The discovery made headlines around the world when it was first announced in July 2018: Archaeologists had unearthed an ancient Egyptian “funeral home” deep beneath the sands of Saqqara, a sprawling necropolis—city of the dead—located on the banks of the Nile less than 20 miles south of Cairo.
In the two years since, thorough analysis of the finds and new discoveries in a nearby shaft filled with tombs have yielded a trove of information about the business of death in ancient Egypt. For centuries, archaeology in the land of the pharaohs was focused on uncovering inscriptions and artifacts from royal tombs rather than the details of day-to-day life. Mummification workshops probably existed at necropolises all over Egypt, but many were overlooked by generations of excavators rushing to get to the tombs underneath.
Now, with the discoveries at Saqqara, that’s changing as the archaeological evidence for a vast funeral industry is unearthed and documented in detail for the first time.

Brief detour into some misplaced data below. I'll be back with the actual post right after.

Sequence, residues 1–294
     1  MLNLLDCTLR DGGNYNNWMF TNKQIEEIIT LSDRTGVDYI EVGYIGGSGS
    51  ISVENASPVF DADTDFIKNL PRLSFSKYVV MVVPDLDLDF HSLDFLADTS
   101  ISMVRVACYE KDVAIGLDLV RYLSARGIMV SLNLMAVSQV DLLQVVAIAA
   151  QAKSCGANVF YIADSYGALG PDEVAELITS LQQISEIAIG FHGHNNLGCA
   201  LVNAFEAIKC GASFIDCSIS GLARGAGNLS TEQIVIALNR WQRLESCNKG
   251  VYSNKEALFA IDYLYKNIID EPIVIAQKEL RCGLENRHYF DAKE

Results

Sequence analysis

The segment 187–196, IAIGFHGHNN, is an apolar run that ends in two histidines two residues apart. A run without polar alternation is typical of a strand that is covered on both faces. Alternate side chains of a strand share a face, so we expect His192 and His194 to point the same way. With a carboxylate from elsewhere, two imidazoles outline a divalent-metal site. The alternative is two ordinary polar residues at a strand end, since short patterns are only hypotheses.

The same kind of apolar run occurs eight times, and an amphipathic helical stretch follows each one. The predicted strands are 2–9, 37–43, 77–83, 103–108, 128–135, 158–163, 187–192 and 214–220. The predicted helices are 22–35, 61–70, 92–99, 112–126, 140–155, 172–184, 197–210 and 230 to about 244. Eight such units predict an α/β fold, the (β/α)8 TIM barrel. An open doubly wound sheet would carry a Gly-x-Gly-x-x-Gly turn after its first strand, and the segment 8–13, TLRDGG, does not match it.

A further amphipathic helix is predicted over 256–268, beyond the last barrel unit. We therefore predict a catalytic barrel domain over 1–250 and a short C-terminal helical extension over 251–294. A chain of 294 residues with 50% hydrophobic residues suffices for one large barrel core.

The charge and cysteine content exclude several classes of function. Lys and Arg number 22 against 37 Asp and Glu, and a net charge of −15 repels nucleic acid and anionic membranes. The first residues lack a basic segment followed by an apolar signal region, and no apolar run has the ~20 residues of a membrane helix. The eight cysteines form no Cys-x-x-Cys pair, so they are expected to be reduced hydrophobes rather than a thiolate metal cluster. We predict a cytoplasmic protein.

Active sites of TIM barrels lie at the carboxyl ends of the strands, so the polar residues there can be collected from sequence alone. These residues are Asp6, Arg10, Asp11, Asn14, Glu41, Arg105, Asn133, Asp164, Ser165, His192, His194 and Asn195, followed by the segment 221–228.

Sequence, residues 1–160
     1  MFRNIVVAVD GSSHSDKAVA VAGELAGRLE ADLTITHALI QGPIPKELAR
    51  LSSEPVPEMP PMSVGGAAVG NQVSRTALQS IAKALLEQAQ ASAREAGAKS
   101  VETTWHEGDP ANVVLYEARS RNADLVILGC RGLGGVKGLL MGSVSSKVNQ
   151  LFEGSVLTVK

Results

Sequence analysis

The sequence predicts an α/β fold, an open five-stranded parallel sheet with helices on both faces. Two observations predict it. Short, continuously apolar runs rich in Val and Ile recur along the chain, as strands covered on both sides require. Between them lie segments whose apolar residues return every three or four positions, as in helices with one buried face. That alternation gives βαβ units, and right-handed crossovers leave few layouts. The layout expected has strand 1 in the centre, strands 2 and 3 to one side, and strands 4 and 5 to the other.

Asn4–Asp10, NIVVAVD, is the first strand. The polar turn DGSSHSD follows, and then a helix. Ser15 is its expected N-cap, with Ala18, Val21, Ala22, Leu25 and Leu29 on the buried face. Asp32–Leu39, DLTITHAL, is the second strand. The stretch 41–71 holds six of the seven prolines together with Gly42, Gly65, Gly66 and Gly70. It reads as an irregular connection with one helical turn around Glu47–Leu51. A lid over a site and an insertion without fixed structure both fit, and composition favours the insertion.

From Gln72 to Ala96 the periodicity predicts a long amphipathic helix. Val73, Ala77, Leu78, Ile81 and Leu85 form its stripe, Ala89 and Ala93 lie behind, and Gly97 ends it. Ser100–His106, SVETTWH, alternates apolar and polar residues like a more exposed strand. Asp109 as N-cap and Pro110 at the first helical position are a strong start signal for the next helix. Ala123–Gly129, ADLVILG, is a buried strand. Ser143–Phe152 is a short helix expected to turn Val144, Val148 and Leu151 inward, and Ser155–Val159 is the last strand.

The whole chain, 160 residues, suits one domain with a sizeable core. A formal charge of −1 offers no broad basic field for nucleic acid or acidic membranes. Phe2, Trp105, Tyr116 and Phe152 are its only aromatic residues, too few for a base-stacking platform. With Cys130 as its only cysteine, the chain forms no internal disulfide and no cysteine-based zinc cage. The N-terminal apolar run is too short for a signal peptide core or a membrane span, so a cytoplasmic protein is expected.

“The evidence we uncovered shows the embalmers had very good business sense,” says Ramadan Hussein, an Egyptologist based at the University of Tübingen in Germany. “They were very smart about providing alternatives.”
Couldn’t afford a deluxe burial mask crafted with gold and silver? You might be offered the “white plaster and gold foil” deal instead, Hussein says.
Not enough cash to store your innards in jars of lustrous Egyptian alabaster? How about a nice painted clay set instead?
“We’ve been reading about this in the [ancient] texts,” Hussein says, “but now we can really contextualize the business of death.”
An unexpected discovery
Hussein began working at Saqqara in 2016, searching for tombs dating to around 600 B.C. and hidden deep underground. The deep shafts had been largely ignored by earlier Egyptologists, who often focused on burials from older periods in Egyptian history. His team’s work is profiled in a new, four-part National Geographic series, Kingdom of the Mummies, which premiers in the U.S. Tuesday May 12. While probing an area last examined in the late 1800s, Hussein and his team discovered a shaft carved into the bedrock that was filled with sand and debris.